Welcome to The CITE -- a blog on Course materials, Innovation, and Technology in Education, created by Mark Nelson and now part of the Publications Department of the National Association of College Stores. CITE is a pun with multiple meanings - referring to cite as in citation, something people reference; site as in location, website, or place people go to; and sight as in foresight or looking ahead to what is coming. Comments, discussion, feedback and ideas are welcome.

Monday, November 25, 2013

Don't Look to MOOCs for Revenue Yet

Massive open online courses will not create revenue, or even save money, according to a study from the American Council on Education (ACE) and InsideTrack. The study was based on interviews with campus administrators and instructors with firsthand experience using MOOCs.

Nearly every instructor participating in the survey said teaching a MOOC was a good experience and 92% are planning to teach more. The respondents just don’t see the courses as a way for their schools to make money, according to a report in eCampus News.

“Don’t view MOOCs as either revenue-generating or cost-saving vehicles,” one administrator wrote. “They are neither.”

That doesn’t mean some professors aren’t trying. Students at the University of Texas at Austin can pay a $550 registration fee to take a psychology MOOC for three credit hours. At the beginning of October, 1,500 students had signed up for what the professors decided to call a synchronous massive online course (SMOC), which could generate $825,000 if all the participants complete the course.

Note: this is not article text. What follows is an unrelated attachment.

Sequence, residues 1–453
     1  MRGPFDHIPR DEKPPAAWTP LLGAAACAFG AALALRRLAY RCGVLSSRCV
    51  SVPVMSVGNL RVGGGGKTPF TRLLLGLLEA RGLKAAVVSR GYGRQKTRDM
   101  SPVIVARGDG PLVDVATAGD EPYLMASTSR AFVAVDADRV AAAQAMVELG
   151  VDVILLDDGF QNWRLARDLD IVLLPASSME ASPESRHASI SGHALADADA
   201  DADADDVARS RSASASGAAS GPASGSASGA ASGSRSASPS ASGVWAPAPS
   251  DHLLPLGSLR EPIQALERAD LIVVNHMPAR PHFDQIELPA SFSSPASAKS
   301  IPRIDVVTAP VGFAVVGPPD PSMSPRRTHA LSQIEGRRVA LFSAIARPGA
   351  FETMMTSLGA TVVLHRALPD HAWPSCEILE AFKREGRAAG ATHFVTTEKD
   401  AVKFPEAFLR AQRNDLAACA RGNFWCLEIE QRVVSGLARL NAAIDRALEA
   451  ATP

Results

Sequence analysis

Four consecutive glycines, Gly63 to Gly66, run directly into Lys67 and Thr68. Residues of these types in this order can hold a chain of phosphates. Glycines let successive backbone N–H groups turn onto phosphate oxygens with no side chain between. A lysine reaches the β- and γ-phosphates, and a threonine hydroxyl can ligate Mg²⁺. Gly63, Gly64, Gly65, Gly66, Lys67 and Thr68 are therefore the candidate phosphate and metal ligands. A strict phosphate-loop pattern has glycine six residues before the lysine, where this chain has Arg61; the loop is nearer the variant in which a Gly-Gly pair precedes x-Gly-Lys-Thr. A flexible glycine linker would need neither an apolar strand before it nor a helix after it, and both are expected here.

In addition, almost half of administrators and instructors in the ACE/InsideTrack study felt MOOCs were important to help an institution expand its reach and increase access to higher education. More than half of the respondents also said creating a MOOC is important to develop an instructor’s online pedagogy.

“We didn’t jump in to make money,” one respondent wrote. “The business model is intriguing, but we didn’t go in with those expectations and that remains the same. We reached people we wouldn’t have otherwise, and for every student who enrolled there were 10 times as many who looked at us. It’s become a great platform to promote the brand of our institution and aligns with our mission to share knowledge.”

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